BioLineRx joins immuno-oncology scrum through Keytruda combo deal

BioLineRx ($BLRX) has become the latest company to stake its claim for a spot on the burgeoning roster of immuno-oncology combinations. The small biotech is aiming to muscle into the sector by showing its CXCR4 antagonist BL-8040 can boost the effectiveness of Merck's ($MRK) Keytruda in metastatic pancreatic adenocarcinoma.

BioLineRx VP Arnon Aharon

Tel Aviv, Israel-based BioLineRx views the Phase II trial as the start of a program to use BL-8040 to expand the number of indications in which Keytruda is effective. In recent years, multiple research groups have tested combinations of CXCR4 inhibitors and PD-1/PD-L1 immunotherapies in preclinical models of various types of cancer. And, having generated some preclinical evidence of its own, BioLineRx has decided pancreatic cancer is the ideal proving ground for the combination of BL-8040 and Keytruda. An open-label, single-arm Phase II trial is due to start by the middle of this year.

The scientific rationale for pursuing the combination lies in the potential for BL-8040 to sensitize the tumor to Keytruda. "Infiltration is one of the key elements," BioLineRx VP of Medical Affairs Arnon Aharon said on a call with investors to discuss the deal. Aharon sees the inability for T cells to breach the tumor as one of the factors limiting the effect of Keytruda on pancreatic cancer and some other forms of the disease. With research linking the CXCR4 receptor to the movement of T cells, BioLineRx thinks BL-8040 could be the drug that overcomes the infiltration issue.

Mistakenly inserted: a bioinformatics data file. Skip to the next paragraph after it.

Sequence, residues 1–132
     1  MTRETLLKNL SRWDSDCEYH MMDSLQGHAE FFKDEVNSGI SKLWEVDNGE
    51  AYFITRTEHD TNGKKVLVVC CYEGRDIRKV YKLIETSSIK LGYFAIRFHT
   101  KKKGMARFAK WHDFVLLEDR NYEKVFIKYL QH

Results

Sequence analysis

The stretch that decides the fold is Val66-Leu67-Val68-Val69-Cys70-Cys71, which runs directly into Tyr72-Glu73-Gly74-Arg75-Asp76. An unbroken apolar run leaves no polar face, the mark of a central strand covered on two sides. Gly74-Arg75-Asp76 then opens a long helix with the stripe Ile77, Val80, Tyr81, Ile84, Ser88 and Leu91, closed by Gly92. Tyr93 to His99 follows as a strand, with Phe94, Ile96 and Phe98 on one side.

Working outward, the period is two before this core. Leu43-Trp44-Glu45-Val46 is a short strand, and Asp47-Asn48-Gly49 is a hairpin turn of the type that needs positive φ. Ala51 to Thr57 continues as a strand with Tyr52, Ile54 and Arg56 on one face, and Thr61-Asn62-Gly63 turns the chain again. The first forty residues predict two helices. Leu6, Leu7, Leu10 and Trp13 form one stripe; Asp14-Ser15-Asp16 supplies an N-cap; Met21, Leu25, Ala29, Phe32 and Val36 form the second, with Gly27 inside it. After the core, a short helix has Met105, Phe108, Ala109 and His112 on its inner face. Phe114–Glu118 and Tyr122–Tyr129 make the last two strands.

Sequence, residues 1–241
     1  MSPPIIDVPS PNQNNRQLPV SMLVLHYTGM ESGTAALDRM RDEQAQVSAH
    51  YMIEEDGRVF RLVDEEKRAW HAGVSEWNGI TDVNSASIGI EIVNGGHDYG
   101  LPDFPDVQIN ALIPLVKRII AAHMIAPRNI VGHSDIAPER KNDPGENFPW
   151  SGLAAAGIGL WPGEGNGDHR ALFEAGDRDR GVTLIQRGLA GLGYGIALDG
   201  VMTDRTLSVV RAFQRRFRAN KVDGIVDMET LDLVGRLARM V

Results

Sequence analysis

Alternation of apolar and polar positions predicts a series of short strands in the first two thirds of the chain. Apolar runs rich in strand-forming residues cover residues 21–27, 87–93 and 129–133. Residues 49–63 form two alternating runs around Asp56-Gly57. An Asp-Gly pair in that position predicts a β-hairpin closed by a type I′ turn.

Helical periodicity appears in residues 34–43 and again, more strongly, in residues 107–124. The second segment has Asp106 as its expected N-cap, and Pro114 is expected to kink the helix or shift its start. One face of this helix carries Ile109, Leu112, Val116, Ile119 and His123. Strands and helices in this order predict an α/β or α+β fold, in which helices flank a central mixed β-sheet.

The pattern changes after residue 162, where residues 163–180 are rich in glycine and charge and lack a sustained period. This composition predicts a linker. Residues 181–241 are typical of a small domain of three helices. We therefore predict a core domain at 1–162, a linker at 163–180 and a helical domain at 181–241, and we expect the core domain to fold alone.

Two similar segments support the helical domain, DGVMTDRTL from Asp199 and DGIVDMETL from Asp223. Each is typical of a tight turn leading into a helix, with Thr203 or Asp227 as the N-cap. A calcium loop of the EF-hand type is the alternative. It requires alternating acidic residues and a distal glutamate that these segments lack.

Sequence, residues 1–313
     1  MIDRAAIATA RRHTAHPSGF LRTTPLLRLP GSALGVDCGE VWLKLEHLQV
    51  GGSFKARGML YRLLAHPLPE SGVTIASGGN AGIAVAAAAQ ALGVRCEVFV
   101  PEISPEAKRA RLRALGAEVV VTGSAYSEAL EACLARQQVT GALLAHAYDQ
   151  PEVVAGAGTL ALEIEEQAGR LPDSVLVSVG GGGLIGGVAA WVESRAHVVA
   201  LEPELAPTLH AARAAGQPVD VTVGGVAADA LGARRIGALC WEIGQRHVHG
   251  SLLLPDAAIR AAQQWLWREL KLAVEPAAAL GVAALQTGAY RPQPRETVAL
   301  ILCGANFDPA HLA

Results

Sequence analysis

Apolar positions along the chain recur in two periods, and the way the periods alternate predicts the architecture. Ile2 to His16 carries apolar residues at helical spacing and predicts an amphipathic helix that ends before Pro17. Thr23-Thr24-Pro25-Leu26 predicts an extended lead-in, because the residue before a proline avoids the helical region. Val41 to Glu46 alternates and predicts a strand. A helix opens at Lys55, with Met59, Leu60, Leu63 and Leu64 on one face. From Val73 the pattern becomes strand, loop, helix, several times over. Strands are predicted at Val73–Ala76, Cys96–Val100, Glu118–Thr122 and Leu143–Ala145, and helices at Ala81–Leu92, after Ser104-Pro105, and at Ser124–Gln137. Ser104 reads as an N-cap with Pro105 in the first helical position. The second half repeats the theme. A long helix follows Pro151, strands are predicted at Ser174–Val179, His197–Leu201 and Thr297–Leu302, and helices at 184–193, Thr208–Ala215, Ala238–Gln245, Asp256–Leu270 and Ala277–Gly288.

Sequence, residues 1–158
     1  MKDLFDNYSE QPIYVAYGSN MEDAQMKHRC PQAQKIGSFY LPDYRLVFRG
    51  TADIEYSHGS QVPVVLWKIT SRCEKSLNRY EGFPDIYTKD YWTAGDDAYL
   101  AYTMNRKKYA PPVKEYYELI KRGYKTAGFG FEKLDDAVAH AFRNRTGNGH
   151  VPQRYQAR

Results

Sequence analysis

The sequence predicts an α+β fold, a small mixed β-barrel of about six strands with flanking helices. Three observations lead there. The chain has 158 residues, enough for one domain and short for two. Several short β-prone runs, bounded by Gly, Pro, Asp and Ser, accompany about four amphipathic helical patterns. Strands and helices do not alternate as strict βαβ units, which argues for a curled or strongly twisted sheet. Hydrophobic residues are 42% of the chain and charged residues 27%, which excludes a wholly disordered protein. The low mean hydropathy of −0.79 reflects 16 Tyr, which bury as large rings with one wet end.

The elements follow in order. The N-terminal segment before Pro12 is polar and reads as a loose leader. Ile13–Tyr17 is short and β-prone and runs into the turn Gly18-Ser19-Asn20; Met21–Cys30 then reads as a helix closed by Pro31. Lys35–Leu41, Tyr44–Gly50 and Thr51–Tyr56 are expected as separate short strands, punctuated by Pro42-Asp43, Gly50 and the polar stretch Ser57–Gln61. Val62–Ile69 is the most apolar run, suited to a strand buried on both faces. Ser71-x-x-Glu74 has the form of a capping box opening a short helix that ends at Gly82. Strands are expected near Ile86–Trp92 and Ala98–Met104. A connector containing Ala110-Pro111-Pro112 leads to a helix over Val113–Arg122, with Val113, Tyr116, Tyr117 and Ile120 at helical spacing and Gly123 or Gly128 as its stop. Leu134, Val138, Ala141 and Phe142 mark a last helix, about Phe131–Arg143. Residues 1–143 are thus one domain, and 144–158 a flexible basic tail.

BioLineRx is putting up its own money to test the idea. "BioLineRx is the sponsor of the study and will fund the clinical cost," BioLineRx VP of Business Development David Malek said. "Merck just provide the product Keytruda--which is actually quite substantial if you look at the cost of obtaining this particular molecule--and also is funding the activities done in terms of investigating some of the samples and other aspects of the study." For Merck, the deal is a low-risk way to see if BL-8040 is the molecule that will open another indication for Keytruda.

More is resting on the trial for BioLineRx, a tiny biotech with a handful of clinical-phase programs. If the combination appears to be effective, BioLineRx and Merck have the option to expand the deal to cover a pivotal trial. But, as it stands, BL-8040 is just one of many unproven partners for PD-1/PD-L1 immunotherapies.

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